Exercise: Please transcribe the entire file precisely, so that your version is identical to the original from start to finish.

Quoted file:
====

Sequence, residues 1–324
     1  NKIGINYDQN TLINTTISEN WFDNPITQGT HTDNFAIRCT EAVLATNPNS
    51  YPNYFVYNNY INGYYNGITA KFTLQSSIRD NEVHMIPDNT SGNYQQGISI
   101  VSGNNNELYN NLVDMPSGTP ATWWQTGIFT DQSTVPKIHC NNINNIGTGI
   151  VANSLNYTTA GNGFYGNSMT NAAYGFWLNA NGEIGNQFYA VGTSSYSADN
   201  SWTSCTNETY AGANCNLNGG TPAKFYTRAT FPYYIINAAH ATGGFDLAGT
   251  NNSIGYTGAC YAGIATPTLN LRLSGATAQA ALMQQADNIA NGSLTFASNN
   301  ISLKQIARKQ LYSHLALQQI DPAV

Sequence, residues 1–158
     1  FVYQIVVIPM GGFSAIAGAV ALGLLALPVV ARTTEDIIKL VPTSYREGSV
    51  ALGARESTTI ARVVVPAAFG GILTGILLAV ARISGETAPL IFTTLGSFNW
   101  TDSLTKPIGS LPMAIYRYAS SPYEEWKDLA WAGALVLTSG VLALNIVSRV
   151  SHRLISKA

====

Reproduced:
Sequence, residues 1–324
     1  NKIGINYDQN TLINTTISEN WFDNPITQGT HTDNFAIRCT EAVLATNPNS
    51  YPNYFVYNNY INGYYNGITA KFTLQSSIRD NEVHMIPDNT SGNYQQGISI
   101  VSGNNNELYN NLVDMPSGTP ATWWQTGIFT DQSTVPKIHC NNINNIGTGI
   151  VANSLNYTTA GNGFYGNSMT NAAYGFWLNA NGEIGNQFYA VGTSSYSADN
   201  SWTSCTNETY AGANCNLNGG TPAKFYTRAT FPYYIINAAH ATGGFDLAGT
   251  NNSIGYTGAC YAGIATPTLN LRLSGATAQA ALMQQADNIA NGSLTFASNN
   301  ISLKQIARKQ LYSHLALQQI DPAV

Sequence, residues 1–158
     1  FVYQIVVIPM GGFSAIAGAV ALGLLALPVV ARTTEDIIKL VPTSYREGSV
    51  ALGARESTTI ARVVVPAAFG GILTGILLAV ARISGETAPL IFTTLGSFNW
   101  TDSLTKPIGS LPMAIYRYAS SPYEEWKDLA WAGALVLTSG VLALNIVSRV
   151  SHRLISKA